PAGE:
These folks are reducing screen time by taking a hike.
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Screens, be gone!

My Intention for 2023: Reducing Screen Time and Tethering to Real Life Experiences

Katie Overmonds
December 22, 2017

In a year where Facebook (or shall we now say ... Meta?) was one of the top sources of news circulation and time spent in virtual-reality realms reached an all-time high ($3.77 billion spent on VR in 2017 in the US alone!), nearly non-stop screen time seems almost unavoidable.

Chances are, we all have that friend who can’t get through a meal together without pausing the conversation to check a notification on their phone or respond to a quick text. And it’s not as though I’m writing this from my high-horse - I use my smartphone as an alarm in the morning so often the very first thing I do is scroll through a newsfeed, and my job is to write engaging online content so believe me, I get it.

But despite the increased availability of screens at every turn, another trend is emerging; the desire to truly unplug and disconnect - to experience real life and real connections, not just engage with each other on social media.

Just last week I read a blog by Rachel of Hands Free Mama - an open letter to her daughter about the potential pitfalls of too much screen time which is worth a read. Here’s a snippet:

“First, you need to know what is happening to your brain while on your device. Social media is known for creating algorithms to capture and manipulate our consumption. The goal is to achieve the highest amount of engagement possible. (source) There is even a term for this in Silicon Valley: Brain Hacking. It is having a negative impact on our mental health – especially susceptible are teenagers.

Each time the phone notifies you, you stop what you are doing—whether it’s homework or a job you have to do. What might take you one hour to do, will take you several, and it won’t be completed as well. The inability to focus will reflect in your grades and impact the job opportunities you have as you grow. Spending quality time with friends and family will be impacted by the need to check the phone, making you believe what is most important is on your phone when it is really the person in front of you.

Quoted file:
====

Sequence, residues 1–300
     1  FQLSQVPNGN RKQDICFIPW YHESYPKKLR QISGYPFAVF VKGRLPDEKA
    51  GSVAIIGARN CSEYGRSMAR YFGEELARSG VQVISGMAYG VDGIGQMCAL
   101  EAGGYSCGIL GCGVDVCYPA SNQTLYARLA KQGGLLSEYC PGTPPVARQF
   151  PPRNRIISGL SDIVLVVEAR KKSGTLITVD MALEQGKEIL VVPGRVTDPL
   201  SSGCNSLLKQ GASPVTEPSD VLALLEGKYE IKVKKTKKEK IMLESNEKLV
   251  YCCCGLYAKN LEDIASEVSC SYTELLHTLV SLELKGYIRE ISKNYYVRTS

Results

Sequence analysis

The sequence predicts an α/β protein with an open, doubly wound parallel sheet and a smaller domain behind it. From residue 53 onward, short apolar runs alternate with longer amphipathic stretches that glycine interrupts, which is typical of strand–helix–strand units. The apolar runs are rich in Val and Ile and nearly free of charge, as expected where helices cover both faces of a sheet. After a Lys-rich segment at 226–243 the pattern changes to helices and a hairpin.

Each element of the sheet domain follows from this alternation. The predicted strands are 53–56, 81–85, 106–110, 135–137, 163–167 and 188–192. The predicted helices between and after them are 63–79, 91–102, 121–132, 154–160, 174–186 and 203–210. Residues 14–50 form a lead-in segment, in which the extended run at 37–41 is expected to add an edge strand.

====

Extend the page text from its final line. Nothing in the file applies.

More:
Each time you scroll, you are being influenced by what you see on the screen. Your thoughts and beliefs about what your body should look like or what your life should look like are being shaped. The hidden influence of the internet can create a poor self-image, unrealistic comparisons, and harmful judgements – and you won’t even know it is happening.

But here’s how you take back control:

Tether yourself

To real people, real conversations, and real scenery.

Tether yourself

To furry animals, interesting books, good music, the great outdoors.

Tether yourself

To spatulas, hammers, cameras, paintbrushes, and yoga mats.”

two women talk about reducing screen time

Since reading this, and since recognizing my own tendency to reach for my phone far too frequently in a given day, I’ve decided that one of my intentions for 2022 is to reduce the amount of time I spent on social media and to instead, truly be present in the current moment.

Tips for reducing screen time

I’m optimistic that by loosening the ties of social media will feel freeing, eye-opening, and rewarding. In cutting back on social media, I also plan to reduce other forms of including tv, computer, iPad etc. Given the nature of my role and that so often, screen time isn’t a choice but simply forced upon us (TV’s in restaurants, on the treadmill at the gym, even in the dentist’s office for Pete’s sake!), I know I won’t be able to completely unplug, but am keen to give it a go as best I can.

I spoke with some friends and colleagues about ways they limit their screen-time for themselves and their kids and they gave me the following 9 tips: